Today is our last day of vacation, and Bill and I really should be heading into Copenhagen to get some last photos. BUT FIRST… I feel compelled to vent my spleen about something I read in the New York Times the other day.
Extraordinarily gifted women’s gymnast Simone Biles has decided to train for her third Olympic Games. Plenty of people commenting on the news article about Ms. Biles were very supportive of her efforts, even though she’s considered “old” for the sport, and even though she withdrew from some events during the Tokyo Summer Olympic Games in 2021. Simone Biles was, if you recall, suffering from “the twisties”, which made competing even more dangerous than it usually is. She opted out of competing to protect her own health and wellbeing, which I think is her right.
But there were quite a few other comments, mostly from MALES, about how Simone Biles let America down in the last Summer Olympics. It always amazes me what these people think they have the right to comment on. I highly doubt most of the MALES commenting on women’s gymnastics even watch the sport. And a lot of them who do watch it probably just like looking at tiny women in revealing leotards doing death defying stunts.
It’s true that Simone Biles withdrew from several events and took up a spot that another athlete could have filled. But another American ultimately won the Olympic gold medal in the All Around competition, anyway. When I pointed that out, some guy posted that the women’s gymnastics team didn’t get the team gold medal. My reply to that is, “So what?” It’s a fucking medal. It’s not worth someone’s life or health.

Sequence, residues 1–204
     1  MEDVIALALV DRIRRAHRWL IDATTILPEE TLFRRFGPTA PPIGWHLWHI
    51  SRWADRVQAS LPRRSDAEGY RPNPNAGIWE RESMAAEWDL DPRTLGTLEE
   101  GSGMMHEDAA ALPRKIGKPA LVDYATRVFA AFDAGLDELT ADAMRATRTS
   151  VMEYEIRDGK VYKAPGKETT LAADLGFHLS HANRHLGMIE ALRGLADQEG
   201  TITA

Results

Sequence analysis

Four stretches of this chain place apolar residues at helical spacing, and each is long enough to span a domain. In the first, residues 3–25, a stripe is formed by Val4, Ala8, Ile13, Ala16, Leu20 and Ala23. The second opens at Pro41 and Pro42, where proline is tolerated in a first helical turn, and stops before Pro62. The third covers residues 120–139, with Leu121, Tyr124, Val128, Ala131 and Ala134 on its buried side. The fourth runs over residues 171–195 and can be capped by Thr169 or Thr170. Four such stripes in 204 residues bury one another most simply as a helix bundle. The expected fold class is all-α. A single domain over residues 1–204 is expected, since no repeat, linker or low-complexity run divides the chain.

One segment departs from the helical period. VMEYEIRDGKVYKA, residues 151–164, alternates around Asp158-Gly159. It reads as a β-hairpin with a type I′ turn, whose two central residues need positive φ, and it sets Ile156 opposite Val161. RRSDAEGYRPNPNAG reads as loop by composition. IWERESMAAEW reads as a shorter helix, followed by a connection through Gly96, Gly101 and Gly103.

Aren’t the Olympics supposed to be about “friendly” sports competitions among the world’s nations? Aren’t we supposed to be practicing good sportsmanship? Why is it so important to win medals? The medal isn’t worth someone’s ability to walk or talk. It’s not worth someone going through life with chronic pain due to preventable injuries brought on by taking risks and failing. It’s certainly not worth DEATH.
Women’s gymnastics at the elite level is a very dangerous sport. Many wonderful, extremely talented athletes have been seriously hurt or even killed due to performing when they weren’t ready or completely prepared. I would not have wanted to see Simone trying to land a difficult vault while she was suffering from the twisties. We would not have wanted to see her fail, especially if her failure included a catastrophic injury broadcasted on live television and the Internet. The Olympic medal is not worth that. It’s toxic to insist that an Olympic gold medal is worth all costs… especially when you’re a MALE who can’t do any of the things Simone makes look easy.
Some guy wanted to argue with me about this and I wrote that he wasn’t going to be someone with whom I should waste my time and energy arguing. I wished him a “nice day”. He wished me luck in my “safe space”. Translation? I bet he’s a Trump supporter who doesn’t see women as valuable in any capacity other than as objects of titillation. He obviously doesn’t care about female athletes as people. I probably shouldn’t have bothered, but I left him a short response… “I’m not in a ‘safe space’. I’m just right about this.” And while I didn’t bother to check his Facebook profile to see which politician he supports, I’m pretty sure I know…